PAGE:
The smallest unit in Bitcoin named after Satoshi Nakamoto, the creator of Bitcoin and blockchain. It equals 0.00000001 BTC.
The pseudonym of the person/people who created Bitcoin, whose real name/names are not known.
A change in size or scale in order to handle a network’s demands. Used to refer to a blockchain project’s ability to handle network traffic, future growth, and capacity in its intended application.
It contains signatures and public keys, which can together unlock bitcoins from SegWit transactions. Each SegWIt input contains its own Script Witness. Not to be confused with Witness Script.
Represents a script which controls how bitcoins can be spent. It locks the bitcoin until it can be unlocked by providing an answer, depending on the type of the transaction.
Represents a specific input script that unlocks funds from the specific crypto transaction output. A ScriptSig includes one or more signatures and additional data used for spending according to conditions that have been outlined in the output.
Stands for Software Development Kit - it provides all the necessary tools for a developer to create software on a specific platform.
An evaluation of how safe a specific system or blockchain is against attacks.
A device which is used to grant access to a restricted resource and is given to investors after participating in an ICO.
Represents a word collection that can be used to access a cryptocurrency wallet.
Divided into segments.
Segregated Witness (SegWit)
A process which enables a higher number of transactions to be part of a block by separating them from coin-bitcoin transactions.
Stands for Segregated Witness Wallets – a service that is executed on the Bitcoin blockchain and is concerned with separating particular transaction signature information. It can either be nested or native.
A strategy where blocks are withheld and released which could give the miner competitive advantage over the network.
Dividing the network into several smaller component networks that can process transactions in parallel.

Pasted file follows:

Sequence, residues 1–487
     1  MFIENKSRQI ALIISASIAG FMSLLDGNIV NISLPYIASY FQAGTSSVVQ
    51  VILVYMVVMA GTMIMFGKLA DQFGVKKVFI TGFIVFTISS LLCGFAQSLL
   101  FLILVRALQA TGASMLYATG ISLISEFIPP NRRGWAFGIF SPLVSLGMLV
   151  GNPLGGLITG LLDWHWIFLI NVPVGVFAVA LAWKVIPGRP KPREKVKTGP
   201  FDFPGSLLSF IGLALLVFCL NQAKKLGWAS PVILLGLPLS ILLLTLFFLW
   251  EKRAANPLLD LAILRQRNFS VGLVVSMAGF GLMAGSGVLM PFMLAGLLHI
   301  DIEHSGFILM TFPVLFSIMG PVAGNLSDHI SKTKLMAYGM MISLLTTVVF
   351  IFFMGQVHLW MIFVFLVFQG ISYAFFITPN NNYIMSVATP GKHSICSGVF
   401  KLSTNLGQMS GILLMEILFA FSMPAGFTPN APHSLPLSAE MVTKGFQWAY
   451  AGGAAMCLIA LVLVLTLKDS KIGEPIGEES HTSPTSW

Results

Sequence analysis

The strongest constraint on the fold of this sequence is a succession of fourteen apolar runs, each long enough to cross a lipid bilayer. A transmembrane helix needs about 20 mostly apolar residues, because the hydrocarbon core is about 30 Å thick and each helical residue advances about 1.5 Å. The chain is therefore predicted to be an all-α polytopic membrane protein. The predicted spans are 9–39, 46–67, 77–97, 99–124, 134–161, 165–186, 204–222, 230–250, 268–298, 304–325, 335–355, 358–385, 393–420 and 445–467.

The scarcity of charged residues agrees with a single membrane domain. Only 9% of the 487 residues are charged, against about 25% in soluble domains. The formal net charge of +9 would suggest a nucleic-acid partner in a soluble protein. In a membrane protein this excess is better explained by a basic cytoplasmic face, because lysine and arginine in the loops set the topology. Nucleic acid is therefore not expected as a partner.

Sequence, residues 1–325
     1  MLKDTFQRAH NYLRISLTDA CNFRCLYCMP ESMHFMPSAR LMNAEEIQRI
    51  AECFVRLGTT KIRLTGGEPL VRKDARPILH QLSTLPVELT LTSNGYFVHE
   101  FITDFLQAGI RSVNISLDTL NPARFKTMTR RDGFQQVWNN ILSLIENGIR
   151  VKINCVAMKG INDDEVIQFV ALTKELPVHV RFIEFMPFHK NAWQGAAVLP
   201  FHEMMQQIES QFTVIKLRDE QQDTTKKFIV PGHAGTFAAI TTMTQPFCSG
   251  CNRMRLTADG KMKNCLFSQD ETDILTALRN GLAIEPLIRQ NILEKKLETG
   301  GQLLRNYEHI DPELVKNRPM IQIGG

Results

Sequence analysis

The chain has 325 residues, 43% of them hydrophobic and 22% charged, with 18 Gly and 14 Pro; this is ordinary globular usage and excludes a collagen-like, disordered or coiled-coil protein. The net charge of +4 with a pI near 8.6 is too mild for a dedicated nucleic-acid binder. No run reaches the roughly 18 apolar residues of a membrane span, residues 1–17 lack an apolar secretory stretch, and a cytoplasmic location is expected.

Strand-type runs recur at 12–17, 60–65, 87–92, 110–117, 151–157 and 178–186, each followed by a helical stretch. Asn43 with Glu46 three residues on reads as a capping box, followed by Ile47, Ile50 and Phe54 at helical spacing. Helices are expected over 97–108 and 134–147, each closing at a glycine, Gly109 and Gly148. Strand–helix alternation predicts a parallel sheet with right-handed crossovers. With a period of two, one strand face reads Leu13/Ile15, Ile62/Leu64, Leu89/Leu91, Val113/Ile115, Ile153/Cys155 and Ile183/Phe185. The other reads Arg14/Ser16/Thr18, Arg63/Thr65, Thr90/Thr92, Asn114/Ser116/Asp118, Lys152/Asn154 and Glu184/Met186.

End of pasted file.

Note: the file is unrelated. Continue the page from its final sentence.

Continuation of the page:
Defines a mathematical proof which shows that a private key or key shares have signed a transaction in a Digital Wallet. A single transaction can have from one to multiple signatures depending on the Wallet's parameters and authorization method. The signature prevents any further alterations on the transaction.
Simplified Payment Verification (SPV)
Represents a tool/software that can confirm that a cryptocurrency transaction has been added to the blockchain without the need to actually download the entire blockchain.
Single Signature (Single-Sig)
Defines a simple type of Digital Wallet authorization where the owner/user has one key and is the only person that can sign a transaction. These types of Wallets are very common and highly insecure.
A self-executing contract with the terms of the agreement between buyer and seller being directly written into lines of code.
A logging-in functionality which allows the user to apply their login information for various social networks and online platforms for other such. E.g. to log in to a website with Facebook.
Defines a type of attack in which a person or program falsifies another user's information and can successfully impersonate them in order to illegally obtain access to more of their data or account.
A digital asset that is intended to keep its stable value and not go through changes.
An interaction channel between two participants, either users or blocks, on a network.
A programming language used in the Ethereum blockchain for smart contract creation.
Short for synchronization. The process of equalizing the same information on two or more platforms/networks/devices.